Stephens first delivered a brief overview of BlueScope and the steel sector. BlueScope is a steel building products company focused on the Asia Pacific area, employing  14,000 people in 17 countries manufacturing a vast variety of branded steel products.

BlueScope manufactures steel in Australia, New Zealand and the US. And while BlueScope is a small steelmaker, manufacturing a little more than 6 Megatonnes of raw steel per annum, BlueScope plays a big role in our local cities and their economies.

As the most sizable steel producer in Australia and the sole producer in New Zealand, they also play a valuable role in domestic supply chain security.

So why does BlueScope care about climate change?

Examining the global steel sector, she said, one finds that 1.8 billion tonnes of steel were manufactured in 2020. And global demand for steel is expected to boost by more than a third through to 2050.

Action on climate change stands among the issues most important to BlueScope stakeholders. That’s why it is such a big part of the company’s corporate strategy and capital allocation framework. The company believes that lessening emissions is best practice, one that corresponds to the BlueScope purpose to strengthen communities for the future.

And BlueScope has sought to reduce emissions for many years, as the inputs to iron and steelmaking like coal, gas and electricity are costly. So this reduction, she says, is good for business.

But the most important issue, Stephens emphasizes, is the need for climate action.

In August BlueScope proclaimed a corporate objective of net zero greenhouse gas emissions (for Scope 1 and 2) by 2050 and two medium term 2030 targets.

From 2005 to 2030, these targets signal emissions reductions of 35 per cent in their steelmaking operations and over 45 per cent in the Australian marketplace.

Steel, Stephens emphasises, is utilised in every part of our lives. It ranks, she says, as the globe’s most valuable engineering and construction material.

Steel, she points out, is endlessly recyclable and everlasting.

And, steel is playing a major role in the transition to renewable energy – being used to construct wind towers, solar farms and transmission infrastructure.

And BlueScope joins those innovating steel products for their energy efficiency and climate resilience, such as cool roof solutions, advanced coating technologies and light gauge steel framing.

The steel industry, Stephens said, is part of the future. So we must generate steel where it is consumed.

However, she said, steelmaking is a substantial source of GHG emissions – attributing for about 8 per cent around the world.

That’s owing to the basic chemistry of the process to separate iron from the oxygen in iron ore in a blast furnace using coal (or natural gas) as the reductant, and that emits CO2. So, we need a different way to extract iron from iron ore.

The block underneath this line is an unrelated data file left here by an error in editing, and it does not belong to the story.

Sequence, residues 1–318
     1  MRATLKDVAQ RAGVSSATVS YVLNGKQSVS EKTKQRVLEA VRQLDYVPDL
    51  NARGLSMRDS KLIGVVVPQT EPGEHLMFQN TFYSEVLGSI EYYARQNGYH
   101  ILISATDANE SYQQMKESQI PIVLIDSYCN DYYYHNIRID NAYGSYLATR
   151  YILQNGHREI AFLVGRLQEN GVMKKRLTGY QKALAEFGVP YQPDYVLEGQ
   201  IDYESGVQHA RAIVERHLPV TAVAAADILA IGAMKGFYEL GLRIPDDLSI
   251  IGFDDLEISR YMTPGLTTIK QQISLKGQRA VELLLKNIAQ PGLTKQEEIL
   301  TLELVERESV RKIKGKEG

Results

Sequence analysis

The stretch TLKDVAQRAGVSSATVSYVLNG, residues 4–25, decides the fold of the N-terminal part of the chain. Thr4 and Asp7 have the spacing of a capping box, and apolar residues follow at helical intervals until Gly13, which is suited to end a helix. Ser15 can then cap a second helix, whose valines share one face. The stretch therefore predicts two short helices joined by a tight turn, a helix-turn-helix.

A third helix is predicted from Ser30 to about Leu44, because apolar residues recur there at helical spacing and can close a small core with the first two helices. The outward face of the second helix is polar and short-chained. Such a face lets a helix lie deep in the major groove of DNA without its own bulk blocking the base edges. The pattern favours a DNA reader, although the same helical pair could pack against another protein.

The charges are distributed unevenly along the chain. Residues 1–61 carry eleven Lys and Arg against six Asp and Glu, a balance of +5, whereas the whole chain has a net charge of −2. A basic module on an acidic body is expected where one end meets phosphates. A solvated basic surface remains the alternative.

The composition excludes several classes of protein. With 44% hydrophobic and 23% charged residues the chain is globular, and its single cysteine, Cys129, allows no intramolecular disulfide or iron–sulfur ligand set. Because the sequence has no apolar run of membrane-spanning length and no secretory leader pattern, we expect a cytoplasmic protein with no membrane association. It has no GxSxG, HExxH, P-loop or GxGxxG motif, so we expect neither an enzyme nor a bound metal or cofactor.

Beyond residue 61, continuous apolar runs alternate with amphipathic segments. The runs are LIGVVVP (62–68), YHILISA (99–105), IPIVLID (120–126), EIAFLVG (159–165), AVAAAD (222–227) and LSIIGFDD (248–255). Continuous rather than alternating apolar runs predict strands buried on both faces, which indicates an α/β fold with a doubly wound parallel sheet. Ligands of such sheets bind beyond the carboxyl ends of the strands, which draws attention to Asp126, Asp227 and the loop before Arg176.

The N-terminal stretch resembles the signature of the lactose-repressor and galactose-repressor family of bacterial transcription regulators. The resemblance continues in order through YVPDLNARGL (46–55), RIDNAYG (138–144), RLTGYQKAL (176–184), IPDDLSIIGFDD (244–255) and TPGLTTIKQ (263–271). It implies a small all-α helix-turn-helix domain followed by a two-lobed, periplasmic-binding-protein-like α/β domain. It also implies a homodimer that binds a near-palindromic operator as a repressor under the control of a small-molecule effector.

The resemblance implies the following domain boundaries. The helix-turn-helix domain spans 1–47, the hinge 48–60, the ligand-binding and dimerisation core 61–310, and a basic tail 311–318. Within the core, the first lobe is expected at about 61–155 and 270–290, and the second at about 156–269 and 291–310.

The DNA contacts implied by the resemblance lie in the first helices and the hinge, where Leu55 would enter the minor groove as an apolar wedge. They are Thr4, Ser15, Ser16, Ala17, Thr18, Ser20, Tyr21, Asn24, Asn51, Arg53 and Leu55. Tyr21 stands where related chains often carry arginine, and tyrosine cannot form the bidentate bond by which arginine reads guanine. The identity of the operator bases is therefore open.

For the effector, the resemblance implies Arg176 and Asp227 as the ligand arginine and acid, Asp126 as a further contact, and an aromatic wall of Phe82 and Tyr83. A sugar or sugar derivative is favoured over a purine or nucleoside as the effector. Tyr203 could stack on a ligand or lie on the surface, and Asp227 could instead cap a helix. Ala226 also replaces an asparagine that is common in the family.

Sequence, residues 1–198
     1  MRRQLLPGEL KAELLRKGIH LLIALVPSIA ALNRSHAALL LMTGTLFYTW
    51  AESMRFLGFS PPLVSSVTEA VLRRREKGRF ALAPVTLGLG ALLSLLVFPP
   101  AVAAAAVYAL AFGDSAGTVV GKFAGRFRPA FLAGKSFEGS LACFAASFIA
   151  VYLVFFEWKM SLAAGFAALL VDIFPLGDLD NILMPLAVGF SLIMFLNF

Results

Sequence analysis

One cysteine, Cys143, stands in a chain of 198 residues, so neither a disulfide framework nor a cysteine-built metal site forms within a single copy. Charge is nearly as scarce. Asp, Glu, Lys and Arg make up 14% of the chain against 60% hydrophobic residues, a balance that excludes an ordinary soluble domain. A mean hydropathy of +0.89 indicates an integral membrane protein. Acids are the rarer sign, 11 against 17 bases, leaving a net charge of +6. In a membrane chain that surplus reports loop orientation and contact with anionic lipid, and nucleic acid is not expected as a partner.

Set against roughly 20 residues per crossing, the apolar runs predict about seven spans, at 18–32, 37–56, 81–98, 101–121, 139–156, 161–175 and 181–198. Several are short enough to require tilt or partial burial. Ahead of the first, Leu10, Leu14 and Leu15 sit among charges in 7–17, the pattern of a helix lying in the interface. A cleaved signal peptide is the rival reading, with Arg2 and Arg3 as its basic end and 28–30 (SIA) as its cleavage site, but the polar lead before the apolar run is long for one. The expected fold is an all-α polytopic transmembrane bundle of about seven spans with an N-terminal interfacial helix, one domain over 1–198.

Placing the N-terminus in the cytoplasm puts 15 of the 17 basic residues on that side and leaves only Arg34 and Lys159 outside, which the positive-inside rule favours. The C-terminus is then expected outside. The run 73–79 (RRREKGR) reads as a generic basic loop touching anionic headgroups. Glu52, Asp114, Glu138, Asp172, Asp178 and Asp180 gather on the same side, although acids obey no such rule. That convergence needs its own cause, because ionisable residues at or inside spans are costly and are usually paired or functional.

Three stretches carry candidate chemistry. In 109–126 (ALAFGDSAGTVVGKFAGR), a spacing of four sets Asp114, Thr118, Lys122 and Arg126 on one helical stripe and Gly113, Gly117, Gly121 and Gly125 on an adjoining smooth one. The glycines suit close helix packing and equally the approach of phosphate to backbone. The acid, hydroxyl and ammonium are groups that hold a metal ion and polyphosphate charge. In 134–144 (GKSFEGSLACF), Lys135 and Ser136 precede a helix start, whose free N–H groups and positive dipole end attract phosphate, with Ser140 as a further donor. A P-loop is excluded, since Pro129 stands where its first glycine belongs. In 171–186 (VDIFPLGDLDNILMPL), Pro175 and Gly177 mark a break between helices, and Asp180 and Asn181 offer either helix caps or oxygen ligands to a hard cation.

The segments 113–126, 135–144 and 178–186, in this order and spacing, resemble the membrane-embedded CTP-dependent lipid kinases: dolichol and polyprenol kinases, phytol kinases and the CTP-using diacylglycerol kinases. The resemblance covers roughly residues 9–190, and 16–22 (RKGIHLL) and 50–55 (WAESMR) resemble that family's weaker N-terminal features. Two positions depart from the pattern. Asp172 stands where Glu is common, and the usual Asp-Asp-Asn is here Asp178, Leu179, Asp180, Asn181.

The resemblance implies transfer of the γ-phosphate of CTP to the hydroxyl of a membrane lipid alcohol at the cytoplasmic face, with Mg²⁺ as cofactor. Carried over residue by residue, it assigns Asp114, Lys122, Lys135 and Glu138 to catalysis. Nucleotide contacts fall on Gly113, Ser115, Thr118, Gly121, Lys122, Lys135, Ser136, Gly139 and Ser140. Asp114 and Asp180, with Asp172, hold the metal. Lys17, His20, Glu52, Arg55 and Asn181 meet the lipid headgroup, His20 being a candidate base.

We must close the technological gap – between today’s high emissions processes and future state low or zero emissions processes. And this is where we require collaboration.

She also gave guests a look into the more sustainable future of iron and steel production. Hydrogen-based ironmaking processes based on renewable energy will be the order of the day. Yet in order for this to work, she said, the cost of hydrogen must be reduced.

The good news, she said, is that manufacturing cost and the price of input electricity are supposed to go down as electrolyser technology is developed. Electricity input prices also must lower, she said.

She said that we must develop hydrogen-based steelmaking economies. Again, this only can be achieved though collaboration and a reliable supply chain—in Illawarra in particular.

The iron making technology also must be updated, via hydrogen direct reduced iron (or DRI).

She finally cited exciting projects in this area, such as Rio Tinto, which will present options for a pilot of low-emissions steel production at Port Kembla Steelworks in New South Wales.

BlueScope will use Rio Tinto’s Pilbara iron ores, with green hydrogen produced from renewable  electricity in a direct reduction process, to manufacture a low emissions iron feed. The direct reduced iron (DRI) from this process will be melted in an electric furnace also empowered via renewable electricity, to create iron suitable for the steelmaking process.

The collaboration is a vital component of BlueScope’s climate action fund of up to $150 million over the next five years. The company also plans a pilot hydrogen electrolyser at Port Kembla steelworks—allowing them to scale up, once the price of hydrogen goes down.

In addition, Stephens says that collaboration is needed in the energy arena.

To shift to low-emissions steelmaking, she said a substantial increase in firmed and competitively priced renewable energy.

Iron and steelmaking, she said, are continuing processes, thus electricity storage and grid interconnection will be important to buffer intermittent wind and solar. Also, steelmaking must be carbon efficient, and public policies must be formulated to promote and support sustainability.

Collaboration, Stephens concluded, can help ensure a sustainable low emissions steelmaking sector.


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